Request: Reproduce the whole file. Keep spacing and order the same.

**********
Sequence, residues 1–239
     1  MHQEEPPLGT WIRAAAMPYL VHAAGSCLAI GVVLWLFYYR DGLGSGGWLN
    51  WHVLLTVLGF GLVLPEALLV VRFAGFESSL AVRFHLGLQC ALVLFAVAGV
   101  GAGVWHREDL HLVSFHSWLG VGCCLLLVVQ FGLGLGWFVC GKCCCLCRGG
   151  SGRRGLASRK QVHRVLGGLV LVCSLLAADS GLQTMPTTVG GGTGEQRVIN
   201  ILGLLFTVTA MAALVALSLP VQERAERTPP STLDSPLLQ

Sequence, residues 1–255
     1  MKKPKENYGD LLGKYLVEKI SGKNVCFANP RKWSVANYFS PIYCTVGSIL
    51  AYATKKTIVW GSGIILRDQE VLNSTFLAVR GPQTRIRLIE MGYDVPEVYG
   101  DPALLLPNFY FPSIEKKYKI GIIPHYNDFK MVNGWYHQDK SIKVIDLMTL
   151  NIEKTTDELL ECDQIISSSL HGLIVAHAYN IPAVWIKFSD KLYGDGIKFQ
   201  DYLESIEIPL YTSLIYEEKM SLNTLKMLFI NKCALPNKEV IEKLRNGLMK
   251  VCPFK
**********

Sequence, residues 1–239
     1  MHQEEPPLGT WIRAAAMPYL VHAAGSCLAI GVVLWLFYYR DGLGSGGWLN
    51  WHVLLTVLGF GLVLPEALLV VRFAGFESSL AVRFHLGLQC ALVLFAVAGV
   101  GAGVWHREDL HLVSFHSWLG VGCCLLLVVQ FGLGLGWFVC GKCCCLCRGG
   151  SGRRGLASRK QVHRVLGGLV LVCSLLAADS GLQTMPTTVG GGTGEQRVIN
   201  ILGLLFTVTA MAALVALSLP VQERAERTPP STLDSPLLQ

Sequence, residues 1–255
     1  MKKPKENYGD LLGKYLVEKI SGKNVCFANP RKWSVANYFS PIYCTVGSIL
    51  AYATKKTIVW GSGIILRDQE VLNSTFLAVR GPQTRIRLIE MGYDVPEVYG
   101  DPALLLPNFY FPSIEKKYKI GIIPHYNDFK MVNGWYHQDK SIKVIDLMTL
   151  NIEKTTDELL ECDQIISSSL HGLIVAHAYN IPAVWIKFSD KLYGDGIKFQ
   201  DYLESIEIPL YTSLIYEEKM SLNTLKMLFI NKCALPNKEV IEKLRNGLMK
   251  VCPFK